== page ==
Language Education Policy Studies
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Language Education Policies in Post-War Republic of Kosovo

The newly established country of Kosovo has become the model of multilingual tolerance and additive approaches when it comes to Language Education Policies, despite the persisting ideological and nationalist disagreements between the Kosovar-Albanian majority and the Serb minority.  With a population of 1,883,018 out of which 92.9% are Albanians, 1.5% Serbian, and the rest consisting of Bosniak, Turks, Romani, Ashkali, Gorani ethnic groups (The World Factbook, 2017), the Language Law proposed by the international community and later adopted in the Constitution of Kosovo in 2008, states three official languages; Albanian, Serbian and English (Demaj & Vandenboucke, 2017, p.85).  The policies put forth and implemented are inclusive towards minorities and non-assimilationist, ensuring the maintenance of mother tongues and promotion of linguistic identities of all ethnic groups.


The language policies in place, clearly stated in the constitution, ensure that each individual, student or parent is free to choose the medium of instruction and accordingly select the appropriate school.  Section 19.2 of Article 19 of the constitution states that “Every person has the right to choose, and to choose for their children, their preferred official language of instruction” (Assembly of Kosovo, 2006). The policies explicitly guarantee the right of students (or their parents) to enroll in a school where the medium of instruction is their mother tongue.  Furthermore, in regions inhabited by a particular ethnic group, where neither of the three official languages is a mother tongue of that group, Article 20 guarantees the use of that group’s mother tongue as a medium of instruction in public schools of the region (Assembly of Kosovo, 2006).  In municipalities (regions) where the medium of instruction is not an official language, parents and students are free to study any of the official languages (Assembly of Kosovo, 2006).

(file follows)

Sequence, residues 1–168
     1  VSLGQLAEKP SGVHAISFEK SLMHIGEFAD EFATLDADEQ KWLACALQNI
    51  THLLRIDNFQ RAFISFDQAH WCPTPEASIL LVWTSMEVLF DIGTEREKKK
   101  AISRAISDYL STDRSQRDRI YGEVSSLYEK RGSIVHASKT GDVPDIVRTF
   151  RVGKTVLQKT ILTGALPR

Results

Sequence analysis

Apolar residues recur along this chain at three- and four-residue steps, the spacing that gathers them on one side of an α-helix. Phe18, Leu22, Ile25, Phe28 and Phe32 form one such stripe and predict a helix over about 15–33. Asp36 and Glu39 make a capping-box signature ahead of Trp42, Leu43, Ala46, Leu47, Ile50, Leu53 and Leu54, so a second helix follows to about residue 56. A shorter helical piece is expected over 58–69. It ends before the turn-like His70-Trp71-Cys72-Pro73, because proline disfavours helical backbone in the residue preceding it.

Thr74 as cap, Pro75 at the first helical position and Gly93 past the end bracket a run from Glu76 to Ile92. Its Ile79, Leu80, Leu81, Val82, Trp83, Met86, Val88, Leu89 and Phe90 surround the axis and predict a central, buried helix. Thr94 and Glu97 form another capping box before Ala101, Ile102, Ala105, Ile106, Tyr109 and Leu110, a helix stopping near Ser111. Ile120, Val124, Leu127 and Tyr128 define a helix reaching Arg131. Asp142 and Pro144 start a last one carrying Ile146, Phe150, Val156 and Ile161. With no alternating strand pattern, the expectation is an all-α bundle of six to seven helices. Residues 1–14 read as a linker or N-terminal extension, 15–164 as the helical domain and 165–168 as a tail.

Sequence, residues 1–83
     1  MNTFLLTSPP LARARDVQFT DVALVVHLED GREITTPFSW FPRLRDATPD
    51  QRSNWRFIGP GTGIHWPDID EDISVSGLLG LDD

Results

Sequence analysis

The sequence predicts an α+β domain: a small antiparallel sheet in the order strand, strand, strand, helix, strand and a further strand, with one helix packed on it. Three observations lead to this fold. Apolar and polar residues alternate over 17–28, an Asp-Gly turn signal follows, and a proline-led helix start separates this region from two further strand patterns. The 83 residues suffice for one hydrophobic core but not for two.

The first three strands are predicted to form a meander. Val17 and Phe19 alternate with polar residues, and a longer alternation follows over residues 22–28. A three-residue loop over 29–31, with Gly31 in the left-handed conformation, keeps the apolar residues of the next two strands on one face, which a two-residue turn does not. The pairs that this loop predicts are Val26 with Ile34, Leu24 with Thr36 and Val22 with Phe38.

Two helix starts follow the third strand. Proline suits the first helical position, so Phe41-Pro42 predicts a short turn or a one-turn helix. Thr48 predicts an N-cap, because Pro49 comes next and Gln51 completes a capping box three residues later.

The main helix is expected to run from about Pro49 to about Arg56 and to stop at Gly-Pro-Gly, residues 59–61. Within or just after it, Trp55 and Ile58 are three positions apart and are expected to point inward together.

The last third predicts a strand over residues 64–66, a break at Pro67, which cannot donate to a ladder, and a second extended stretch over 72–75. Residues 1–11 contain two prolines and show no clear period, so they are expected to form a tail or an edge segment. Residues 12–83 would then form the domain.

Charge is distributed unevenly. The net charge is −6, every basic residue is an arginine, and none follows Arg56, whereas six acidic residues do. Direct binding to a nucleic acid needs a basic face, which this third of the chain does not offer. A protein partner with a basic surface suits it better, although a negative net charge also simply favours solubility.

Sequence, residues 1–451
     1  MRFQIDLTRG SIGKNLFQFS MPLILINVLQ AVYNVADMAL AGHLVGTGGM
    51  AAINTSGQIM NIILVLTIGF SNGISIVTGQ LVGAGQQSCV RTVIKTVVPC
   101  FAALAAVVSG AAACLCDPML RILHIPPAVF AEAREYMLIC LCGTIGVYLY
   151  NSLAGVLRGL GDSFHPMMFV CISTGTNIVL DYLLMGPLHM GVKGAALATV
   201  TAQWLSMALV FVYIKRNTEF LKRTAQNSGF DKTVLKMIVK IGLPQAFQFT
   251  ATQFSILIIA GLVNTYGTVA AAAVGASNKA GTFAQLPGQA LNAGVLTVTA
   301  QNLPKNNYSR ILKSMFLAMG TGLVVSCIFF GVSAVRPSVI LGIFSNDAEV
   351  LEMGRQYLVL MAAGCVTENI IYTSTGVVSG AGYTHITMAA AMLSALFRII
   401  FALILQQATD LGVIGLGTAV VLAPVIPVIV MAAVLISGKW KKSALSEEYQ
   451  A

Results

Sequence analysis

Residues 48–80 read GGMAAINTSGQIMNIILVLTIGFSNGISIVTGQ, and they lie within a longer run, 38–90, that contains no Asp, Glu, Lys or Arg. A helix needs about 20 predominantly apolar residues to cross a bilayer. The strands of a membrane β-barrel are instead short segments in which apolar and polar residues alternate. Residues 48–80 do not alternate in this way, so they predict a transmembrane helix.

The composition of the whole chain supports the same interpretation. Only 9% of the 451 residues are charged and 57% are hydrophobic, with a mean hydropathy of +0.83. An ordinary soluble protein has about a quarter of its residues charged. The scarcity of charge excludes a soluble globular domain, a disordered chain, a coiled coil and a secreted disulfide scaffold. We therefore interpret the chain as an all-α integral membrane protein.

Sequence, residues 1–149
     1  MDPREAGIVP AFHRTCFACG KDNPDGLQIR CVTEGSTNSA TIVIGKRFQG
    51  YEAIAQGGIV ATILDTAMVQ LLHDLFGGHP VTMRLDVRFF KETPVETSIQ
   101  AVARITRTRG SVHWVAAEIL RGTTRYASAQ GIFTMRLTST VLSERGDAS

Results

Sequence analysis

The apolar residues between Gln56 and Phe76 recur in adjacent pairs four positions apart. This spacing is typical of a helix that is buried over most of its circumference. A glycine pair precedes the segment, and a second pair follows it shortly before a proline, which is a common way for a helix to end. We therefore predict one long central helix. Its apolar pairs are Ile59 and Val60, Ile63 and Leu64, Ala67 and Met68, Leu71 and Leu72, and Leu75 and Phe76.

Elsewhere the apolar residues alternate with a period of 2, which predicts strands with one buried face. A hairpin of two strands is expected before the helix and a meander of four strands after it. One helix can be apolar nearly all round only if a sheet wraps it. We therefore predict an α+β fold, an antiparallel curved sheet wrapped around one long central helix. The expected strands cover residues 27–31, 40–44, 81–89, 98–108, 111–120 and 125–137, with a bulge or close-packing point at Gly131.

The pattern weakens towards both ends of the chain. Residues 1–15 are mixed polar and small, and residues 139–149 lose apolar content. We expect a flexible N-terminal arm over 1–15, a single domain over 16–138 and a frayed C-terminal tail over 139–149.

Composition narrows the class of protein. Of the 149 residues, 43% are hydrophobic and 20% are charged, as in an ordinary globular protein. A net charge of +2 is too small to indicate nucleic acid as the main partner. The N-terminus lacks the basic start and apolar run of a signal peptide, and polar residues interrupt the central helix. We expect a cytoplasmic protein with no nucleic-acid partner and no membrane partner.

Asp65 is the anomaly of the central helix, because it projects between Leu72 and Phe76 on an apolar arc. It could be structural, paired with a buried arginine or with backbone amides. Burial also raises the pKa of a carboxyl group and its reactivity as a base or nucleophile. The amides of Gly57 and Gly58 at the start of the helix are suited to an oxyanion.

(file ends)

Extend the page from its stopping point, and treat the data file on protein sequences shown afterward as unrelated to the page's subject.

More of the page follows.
In higher education, particularly in public universities, the primary medium of instruction are only the official languages, regulated by internal policies of those institutions; however the Constitution reserves the rights of any person, group, or community to “establish private educational institutions with instructions in the language of their choice” according to the existing policies of higher education (Assembly of Kosovo, 2016).  In some regions of the Republic of Kosovo, students in K-12 learn English as a foreign language (EFL) as one of the official languages, in addition to the mother tongue. These students learn English starting in the first grade of elementary school. 

VIDEOS

A FEW REFERENCE

Assembly of Kosovo. 2006. Law No. 02/L-37 On the Use of Languages. Accessed December 22,
2017. http://www.assembly-kosova.org/common/docs/ligjet/2006_02-L37_en.pdf


Demaj, U. & Vandenbroucke, M. (2016) Post-war Kosovo landscapes in Pristina: discrepancies between language policy and urban reality, Nationalities Papers, 44:5, 804-825.


Korniza Kurrikulare e Arsimit Parauniversitar të Repubikës së Kosovës / Ministria e Arsimit, Shkencës dhe Tekonologjisë (e rishikuar). – Prishtinë : MASHT, 2016. – 77 f. : ilustr. ; 28 cm.


The World Factbook: KOSOVO. (2017, December 19). Retrieved at https://www.cia.gov/library/publications/resources/the-world-factbook/geos/kv.html


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This information was originally published on the website of the International Network for Language Education Policy Studies (http://www.languageeducationpolicy.org) as

Sadiku, M. (2018). Language Policy in Post-War Republic of Kosovo. In F. V. Tochon (Ed.), Language Education Policy Studies (online). Madison, WI: University of Wisconsin—Madison. Retrieved at: (insert link) 


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